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Abu Dhabi, UAEThursday 21 March 2019

UAE's best schools honoured at awards ceremony

More than 850 teaching staff turned out for the Top School Awards at Bollywood Parks on Thursday

One of the oldest formal primary schools in Dubai has been named the best school in the UAE.

Dubai English Speaking School, founded in the upstairs room of a villa in 1963, won the ultimate accolade of the Top Schools Awards 2019 at a ceremony in Bollywood Parks on Thursday night.

Organised by education ranking website SchoolsCompared.com, a total of 21 awards were up for grabs at the Rajmahal Theatre.

Dubai English Speaking School, and the primary school's collegiate counterpart, Dubai English Speaking College, shared the top prize.

"What a brilliant year we are having. So proud of our amazing school community," a statement on the school's Twitter account read.

"We did it! Dubai English Speaking School and College is the Best School in the UAE."

Schools across the Emirates jumped to the top of the class in a range of categories, from nursery and primary school of the year to schools which lead the way in music, theatre, art and technology.

More than 850 teaching staff from in excess of 100 schools were in attendance as the cream of the education crop in the UAE were revealed.

Other winners included Gems Modern Academy in Dubai, which was crowned Indian School of the Year.

Brendan Law, vice president of education at Gems, said he was proud of the school's achievement and said it home to a thriving community of pupils and teachers.

British School Al Khubairat, based in Abu Dhabi, was named British School of the Year.

Elaine Rawlings, primary school head at BSAK, was delighted with the award win.

"I am absolutely stunned. We are very very privileged to get the award. We try to do the best for our school," Ms Rawlings said.

Raha International School secured the International Baccalaureate school of the year title and the American school of the Year award went to American School of Dubai.

Jumeirah English Speaking School won the award for the best blended international baccalaureate curriculum school of the year.

Safa Community School won the award for best new school while Sasha Crabb of Victory Heights won for best principal of the year.

Schools were also awarded for their work in developing art and music. Nord Anglia International School Dubai was recognised for its efforts in music.

Cranleigh School Abu Dhabi's work in theatre and the performing arts was recognised with a prize while Brighton College Abu Dhabi won for art.

Dubai English Speaking College took home a second prize, for the best school for sport, and Riverston School Dubai won for best international initiative.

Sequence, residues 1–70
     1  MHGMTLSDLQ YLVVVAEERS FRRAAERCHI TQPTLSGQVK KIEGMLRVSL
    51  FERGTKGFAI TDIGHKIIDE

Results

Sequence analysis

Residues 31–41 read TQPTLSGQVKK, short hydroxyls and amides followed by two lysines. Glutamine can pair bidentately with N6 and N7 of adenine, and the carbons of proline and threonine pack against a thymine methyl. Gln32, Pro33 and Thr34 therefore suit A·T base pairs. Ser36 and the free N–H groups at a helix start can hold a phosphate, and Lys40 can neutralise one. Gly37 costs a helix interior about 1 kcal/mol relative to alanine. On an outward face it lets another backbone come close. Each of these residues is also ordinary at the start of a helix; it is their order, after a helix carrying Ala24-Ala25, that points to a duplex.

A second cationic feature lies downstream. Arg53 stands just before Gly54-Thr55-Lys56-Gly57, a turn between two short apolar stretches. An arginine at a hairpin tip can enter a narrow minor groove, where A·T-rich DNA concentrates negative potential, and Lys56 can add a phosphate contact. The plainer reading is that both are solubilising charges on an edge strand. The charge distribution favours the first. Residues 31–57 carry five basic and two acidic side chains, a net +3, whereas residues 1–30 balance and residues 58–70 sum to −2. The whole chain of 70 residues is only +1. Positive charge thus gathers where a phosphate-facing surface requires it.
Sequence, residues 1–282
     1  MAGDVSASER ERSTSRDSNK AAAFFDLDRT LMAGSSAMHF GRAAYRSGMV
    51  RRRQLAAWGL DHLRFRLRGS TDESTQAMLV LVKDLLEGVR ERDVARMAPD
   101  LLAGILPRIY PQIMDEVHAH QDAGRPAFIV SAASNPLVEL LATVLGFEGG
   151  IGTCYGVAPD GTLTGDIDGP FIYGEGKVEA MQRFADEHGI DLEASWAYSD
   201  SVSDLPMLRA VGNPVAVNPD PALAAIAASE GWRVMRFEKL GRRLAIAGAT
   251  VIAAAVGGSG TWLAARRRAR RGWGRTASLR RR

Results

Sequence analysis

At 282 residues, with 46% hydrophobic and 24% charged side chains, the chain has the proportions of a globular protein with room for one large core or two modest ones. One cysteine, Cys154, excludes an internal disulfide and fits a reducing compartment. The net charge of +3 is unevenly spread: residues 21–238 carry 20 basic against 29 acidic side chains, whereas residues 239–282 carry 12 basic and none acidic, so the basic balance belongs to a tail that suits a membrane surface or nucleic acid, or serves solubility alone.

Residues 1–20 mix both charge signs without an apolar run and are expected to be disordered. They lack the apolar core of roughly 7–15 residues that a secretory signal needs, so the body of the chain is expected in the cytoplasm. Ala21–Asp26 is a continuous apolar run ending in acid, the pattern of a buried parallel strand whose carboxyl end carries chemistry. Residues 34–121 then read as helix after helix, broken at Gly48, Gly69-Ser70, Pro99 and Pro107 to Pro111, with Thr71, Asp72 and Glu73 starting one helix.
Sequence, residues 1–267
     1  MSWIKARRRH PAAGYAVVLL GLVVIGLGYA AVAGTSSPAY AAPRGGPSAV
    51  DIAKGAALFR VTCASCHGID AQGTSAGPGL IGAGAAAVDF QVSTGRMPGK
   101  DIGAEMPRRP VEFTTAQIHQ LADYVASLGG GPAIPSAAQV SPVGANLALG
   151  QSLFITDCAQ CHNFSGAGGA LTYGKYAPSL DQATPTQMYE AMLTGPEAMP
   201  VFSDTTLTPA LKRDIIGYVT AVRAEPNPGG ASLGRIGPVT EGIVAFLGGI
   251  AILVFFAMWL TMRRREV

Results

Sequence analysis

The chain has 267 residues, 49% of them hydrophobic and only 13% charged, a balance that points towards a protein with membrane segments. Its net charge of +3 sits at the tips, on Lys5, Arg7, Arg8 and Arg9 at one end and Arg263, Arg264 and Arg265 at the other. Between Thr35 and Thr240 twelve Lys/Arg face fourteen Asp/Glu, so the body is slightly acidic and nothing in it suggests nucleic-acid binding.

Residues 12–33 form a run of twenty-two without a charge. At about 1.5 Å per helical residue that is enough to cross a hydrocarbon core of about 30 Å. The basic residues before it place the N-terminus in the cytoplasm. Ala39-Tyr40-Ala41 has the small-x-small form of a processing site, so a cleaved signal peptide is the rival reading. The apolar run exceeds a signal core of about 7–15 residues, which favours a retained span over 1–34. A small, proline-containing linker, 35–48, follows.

Abdulla Al Karam, director general of the Knowledge and Human Development Authority, was honoured for his outstanding contribution to education. Chris Whiteoak / The National
Abdulla Al Karam, director general of the Knowledge and Human Development Authority, was honoured for his outstanding contribution to education. Chris Whiteoak / The National

Abdulla Al Karam, director general of the Knowledge and Human Development Authority, Dubai's private education regulator, received the Outstanding Contribution to Education award.

He thanked teachers for their sterling contribution to the education sector in the UAE.

It is the second time the schools comparison site has given out the awards in the UAE — but the first to have a ceremony.

The Awards recognise schools that have had the biggest impact on parents and pupils’ lives.

The nominations first opened to all schools, parents, and editors of the website. SchoolsCompared.com then made a shortlist and then respected educationalists in UAE chose the winners.

Schools were selected on the basis of their ability to bring to life pupils’ imagination and offer something unique to children.

The awards move the focus away from exam results and put on emphasis on places of learning that are fostering all the abilities and potential of children.

"We had more than 170 nominations, but actually it was the quality, not the number of submissions that was truly surprising," said Jonathan Westley, editor of SchoolsCompared.com.

"We had stressed to [schools] not to apply for everything but to focus and spend the time compiling data for where they felt their strengths lay. What we had, as a result, was an unparalleled amount of data for both our editors to use to shortlist, and then for the judges to make the final decisions.

“Just to appreciate the scale of work that went into this, the final document sent to judges, with arguments and analysis for each of the finalists, came to 91,220 words. Add all of the tables, data, and graphs and we basically gave them a book to internalise and consider, in order to make truly informed decisions.”

Updated: March 8, 2019 10:24 AM

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